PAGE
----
Jeffrey McHale’s “You Don’t Nomi” lines up a colorful gallery of defenders and detractors ready to reflect on the serpentine journey of Paul Verhoeven’s 1995 spectacle “Showgirls.” Contemplating the movie’s gradual redemption as a kind of cult trash masterpiece balanced on the wire between self-aware satire and so-bad-it's-good embarrassment, McHale has made a potent film essay investigating the boundaries of camp, reception, and artistic intention. No matter how one feels about the NC-17 Las Vegas odyssey of Elizabeth Berkley’s Nomi Malone, McHale’s feature is a thoughtful consideration of the multitudinous ways that some popular texts take on new and unexpected life long after their original theatrical engagements.
After viewing the documentary, I shared some thoughts with my friend and fellow cinephile Dan Hassoun. He noted that the movie “nails that sense of being awed/horrified/fascinated by something all at once, which is rare for a labor-of-love fan film to acknowledge,” and observed “how the film operates as both an auteurist exploration of Verhoeven while at the same time allowing for an anti-auteurist sense of how reception evolves past the intentions of the director.”
Packed with archival goodies that include time-capsule news media clips (featuring some great pearl-clutching, finger-wagging, and eye-winking from several recognizable presenters) and enough footage from Verhoeven’s own oeuvre to test the limits of fair use, McHale skips talking heads for all of his new interviews. It’s a good choice, as our eyes remain glued to the many scenes being deconstructed by deeply invested cinephiles like “It Doesn’t Suck: Showgirls” author Adam Nayman and writer David Schmader, whose hilarious and heartfelt scrutiny at “live annotated” screenings led to an MGM invitation to record a special edition DVD commentary.
McHale covers a lot of ground and sprinkles a lot of catnip. In one delectable sequence Jeffrey Sconce talks about Jack Smith’s adoration of Maria Montez’s total commitment in “Cobra Woman,” comparing it to the “hysterical energy” of Berkley. In another, “Showgirls” is anointed as the third jewel in a triple crown that includes “Valley of the Dolls” and “Mommie Dearest.” Drag performer Peaches Christ explains the participatory thrill of the midnight movie phenomenon and April Kidwell speaks candidly about her own intense identification with the star of “Showgirls.”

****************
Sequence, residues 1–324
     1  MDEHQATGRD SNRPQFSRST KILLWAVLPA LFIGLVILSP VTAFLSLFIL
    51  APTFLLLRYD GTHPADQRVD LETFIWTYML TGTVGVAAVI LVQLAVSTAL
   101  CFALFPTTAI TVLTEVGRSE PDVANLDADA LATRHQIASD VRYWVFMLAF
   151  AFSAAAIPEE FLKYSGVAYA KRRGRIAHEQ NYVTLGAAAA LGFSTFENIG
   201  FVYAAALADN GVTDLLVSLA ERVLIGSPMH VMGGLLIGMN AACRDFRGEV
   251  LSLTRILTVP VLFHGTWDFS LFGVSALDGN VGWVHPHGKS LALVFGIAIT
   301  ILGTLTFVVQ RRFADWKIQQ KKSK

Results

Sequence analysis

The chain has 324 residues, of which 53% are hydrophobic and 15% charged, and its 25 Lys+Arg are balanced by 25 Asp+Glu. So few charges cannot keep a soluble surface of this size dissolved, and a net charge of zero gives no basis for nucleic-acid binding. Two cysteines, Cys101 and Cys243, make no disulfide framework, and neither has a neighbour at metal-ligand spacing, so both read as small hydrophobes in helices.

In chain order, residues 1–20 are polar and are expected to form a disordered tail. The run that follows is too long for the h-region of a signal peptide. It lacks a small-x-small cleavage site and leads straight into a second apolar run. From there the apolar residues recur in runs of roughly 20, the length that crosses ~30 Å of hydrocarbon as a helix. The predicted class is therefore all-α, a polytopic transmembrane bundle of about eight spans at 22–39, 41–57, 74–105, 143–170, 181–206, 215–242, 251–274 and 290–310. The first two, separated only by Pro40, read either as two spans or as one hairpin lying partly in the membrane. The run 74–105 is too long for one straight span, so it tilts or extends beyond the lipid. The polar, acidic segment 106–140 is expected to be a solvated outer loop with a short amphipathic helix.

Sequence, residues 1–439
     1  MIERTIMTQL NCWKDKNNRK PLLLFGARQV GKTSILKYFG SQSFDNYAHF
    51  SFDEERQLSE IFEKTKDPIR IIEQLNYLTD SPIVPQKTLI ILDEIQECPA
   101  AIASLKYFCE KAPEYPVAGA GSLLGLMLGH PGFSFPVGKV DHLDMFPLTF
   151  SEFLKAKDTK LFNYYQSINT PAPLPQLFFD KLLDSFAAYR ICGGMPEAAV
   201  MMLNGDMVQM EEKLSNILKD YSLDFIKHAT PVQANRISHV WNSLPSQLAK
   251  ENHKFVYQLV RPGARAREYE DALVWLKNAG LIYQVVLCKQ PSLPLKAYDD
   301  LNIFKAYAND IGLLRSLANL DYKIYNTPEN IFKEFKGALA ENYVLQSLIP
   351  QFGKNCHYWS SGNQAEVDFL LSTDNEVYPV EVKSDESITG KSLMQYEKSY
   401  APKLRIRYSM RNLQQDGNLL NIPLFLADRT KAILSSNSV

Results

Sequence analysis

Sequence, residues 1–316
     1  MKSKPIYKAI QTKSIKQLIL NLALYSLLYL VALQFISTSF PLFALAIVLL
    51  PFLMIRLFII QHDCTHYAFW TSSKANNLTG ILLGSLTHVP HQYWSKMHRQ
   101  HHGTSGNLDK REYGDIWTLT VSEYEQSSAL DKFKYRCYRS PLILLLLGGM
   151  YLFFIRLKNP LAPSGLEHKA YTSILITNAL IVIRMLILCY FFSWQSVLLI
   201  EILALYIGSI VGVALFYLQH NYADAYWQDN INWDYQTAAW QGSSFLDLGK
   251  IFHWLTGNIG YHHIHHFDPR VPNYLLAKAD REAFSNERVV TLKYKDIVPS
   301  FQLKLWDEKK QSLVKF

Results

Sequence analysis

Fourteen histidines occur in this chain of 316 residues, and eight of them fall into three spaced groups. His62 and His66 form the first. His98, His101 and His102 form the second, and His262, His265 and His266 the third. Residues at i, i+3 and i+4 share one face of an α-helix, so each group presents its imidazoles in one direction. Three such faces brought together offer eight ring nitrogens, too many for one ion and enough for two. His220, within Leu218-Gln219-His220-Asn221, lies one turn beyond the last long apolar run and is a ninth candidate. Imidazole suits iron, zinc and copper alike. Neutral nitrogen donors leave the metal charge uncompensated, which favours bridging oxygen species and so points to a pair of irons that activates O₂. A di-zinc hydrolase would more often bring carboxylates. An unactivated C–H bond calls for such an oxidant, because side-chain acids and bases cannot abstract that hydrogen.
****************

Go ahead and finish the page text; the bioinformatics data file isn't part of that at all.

I was taken with the film's comfortable attitude toward the complexity and ambiguity of a text that can support and sustain such wildly opposite readings. Several times, McHale juxtaposes voices in sharp contrast with one another: “Showgirls” as pedestrian and mainstream versus “Showgirls” as rare and on the edge. Haley Mlotek’s compelling claims that Verhoeven is a misogynist abusing his position of power as a white male clash with Susan Wlosczyna’s opinion that Verhoeven is a filmmaker who “gets women” and doesn’t view them as “fragile creatures who need saving.”
Whether it is possible for him to be both manifests in the rise-and-fall trajectory of Elizabeth Berkley, the “Saved by the Bell” performer whose career was thoroughly dismantled by the failure of “Showgirls.” Much time is spent on Berkley’s performance, and McHale reminds us that the exaggerated emotional pitch of Nomi owes as much to the dialogue written by Joe Eszterhas and the precise demands and instructions of Verhoeven as it does to Berkley’s own choices. The one thing upon which it seems all agree is that Berkley got a very raw deal that she did not deserve.
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